As expected, Kentucky’s Jamal Murray declares for NBA draft

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We already knew just about everybody who played for Kentucky last season was going into the NBA draft, but now things are becoming official.

On Friday, guard Jamal Murray sat down in front of the media, with his father by his side, and said he was going pro.

“When I first committed to Kentucky, it was the biggest moment of my life, being able to hug my dad and all my family members behind me as we took the next step,” Murray said. “I came here with a goal to improve myself and I did. I cherished every moment I was on the court. I made Kentucky my second home to Canada. Coach Cal and the staff told me that I would have to work hard every day and that they would demand the best of me. I’m thankful for how much they’ve pushed me to become a better player, teammate and person.

“With that said, I’m ready to take on the challenge of playing at the next level and I have declared for the NBA Draft. I want to thank the fans for all their support. It was a crazy experience and we had a lot of fun this year. I’m excited to take on new challenges in the journey ahead of me.”
Murray is expected to be a top 10 pick (DraftExpress.com currently has him going No. 6). He’s not considered an explosive athlete, but he’s skilled, and he can shoot — 41.1 percent from three this season.

John Calipari had nice things to say about the player he was losing.

Want a scouting report? Here is what PBT’s NBA Draft expert — and Rotoworld writer — Ed Isaacson wrote about Murray for us at the start of the NCAA Tournament.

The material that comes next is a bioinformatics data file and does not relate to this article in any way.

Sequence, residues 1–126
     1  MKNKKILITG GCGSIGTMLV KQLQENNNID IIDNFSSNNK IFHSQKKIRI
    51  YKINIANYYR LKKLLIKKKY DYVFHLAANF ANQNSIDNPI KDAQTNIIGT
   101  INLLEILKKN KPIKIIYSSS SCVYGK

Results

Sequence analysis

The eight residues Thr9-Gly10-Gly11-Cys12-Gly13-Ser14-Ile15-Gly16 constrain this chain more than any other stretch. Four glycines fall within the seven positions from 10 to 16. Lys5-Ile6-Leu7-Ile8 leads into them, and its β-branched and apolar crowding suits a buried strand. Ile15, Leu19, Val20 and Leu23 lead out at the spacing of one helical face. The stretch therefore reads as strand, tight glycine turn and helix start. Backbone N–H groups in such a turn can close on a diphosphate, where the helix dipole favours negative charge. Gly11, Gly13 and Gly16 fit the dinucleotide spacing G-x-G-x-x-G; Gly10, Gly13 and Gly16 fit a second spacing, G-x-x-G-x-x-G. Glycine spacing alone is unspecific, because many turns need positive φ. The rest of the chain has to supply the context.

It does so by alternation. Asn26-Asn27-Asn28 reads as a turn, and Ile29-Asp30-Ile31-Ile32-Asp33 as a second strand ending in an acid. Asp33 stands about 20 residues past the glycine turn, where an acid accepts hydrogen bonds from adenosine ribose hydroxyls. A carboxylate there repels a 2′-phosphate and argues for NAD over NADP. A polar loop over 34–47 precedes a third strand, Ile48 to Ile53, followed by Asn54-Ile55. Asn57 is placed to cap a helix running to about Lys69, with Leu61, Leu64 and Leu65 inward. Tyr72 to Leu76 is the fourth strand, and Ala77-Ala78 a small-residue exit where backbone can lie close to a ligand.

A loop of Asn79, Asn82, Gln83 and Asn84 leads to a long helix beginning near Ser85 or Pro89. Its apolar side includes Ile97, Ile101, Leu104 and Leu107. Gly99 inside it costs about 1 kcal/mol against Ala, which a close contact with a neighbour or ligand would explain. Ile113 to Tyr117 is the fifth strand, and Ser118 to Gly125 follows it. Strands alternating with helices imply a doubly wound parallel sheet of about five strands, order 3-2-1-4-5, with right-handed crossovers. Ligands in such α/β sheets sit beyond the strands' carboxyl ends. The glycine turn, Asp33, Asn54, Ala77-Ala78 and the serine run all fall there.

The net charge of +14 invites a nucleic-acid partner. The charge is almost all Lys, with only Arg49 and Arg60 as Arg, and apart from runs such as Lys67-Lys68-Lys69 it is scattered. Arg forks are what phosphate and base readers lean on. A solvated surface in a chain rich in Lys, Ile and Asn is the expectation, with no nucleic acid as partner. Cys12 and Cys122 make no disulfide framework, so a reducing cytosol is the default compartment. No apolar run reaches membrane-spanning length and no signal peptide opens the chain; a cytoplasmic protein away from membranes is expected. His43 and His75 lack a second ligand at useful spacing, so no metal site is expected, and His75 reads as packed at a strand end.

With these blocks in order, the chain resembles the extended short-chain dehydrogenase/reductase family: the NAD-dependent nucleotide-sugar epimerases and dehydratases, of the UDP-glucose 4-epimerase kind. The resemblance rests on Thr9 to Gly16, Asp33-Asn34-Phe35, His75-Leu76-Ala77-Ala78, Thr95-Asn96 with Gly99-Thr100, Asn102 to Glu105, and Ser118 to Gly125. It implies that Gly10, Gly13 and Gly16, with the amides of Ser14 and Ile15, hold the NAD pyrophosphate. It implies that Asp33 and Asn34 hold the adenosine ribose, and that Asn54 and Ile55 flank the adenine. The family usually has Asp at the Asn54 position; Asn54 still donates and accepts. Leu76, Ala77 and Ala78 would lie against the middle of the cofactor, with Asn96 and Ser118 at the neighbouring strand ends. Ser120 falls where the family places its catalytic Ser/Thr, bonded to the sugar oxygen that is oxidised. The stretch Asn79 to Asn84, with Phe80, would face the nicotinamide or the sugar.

After an up-and-down start to the season, Murray flourished in the second half of the season once Coach John Calipari altered the offense to run him off of screens to get open for shots instead of letting him try to create. Murray is a great spot-shooter, with NBA range, but he is much worse off the dribble, knocking down just 33 percent of his dribble jumpers. While not exactly the point guard he was touted to be, he is a decent ballhandler, though Murray has a tendency to over-dribble hoping to create something. If he can get into the lane, he can be a creative finisher, with an array of short jumpers and floaters, but he doesn’t always have the speed burst to beat defenders off the dribble, so he relies on screens to get open. Murray can also be frustrating with his passing; he has shown good vision and passing ability, but his decision making is not very good. It’s not often you see someone touted as a point guard have a negative assist-to-turnover ratio. On defense, Murray is not very good, and needs works on a lot of the basic concepts, such as positioning. Murray has shown that he can knock down spot-up jumpers, but at just 6’4”, and as a poor defender, it may take a while for him to gain traction at the NBA level.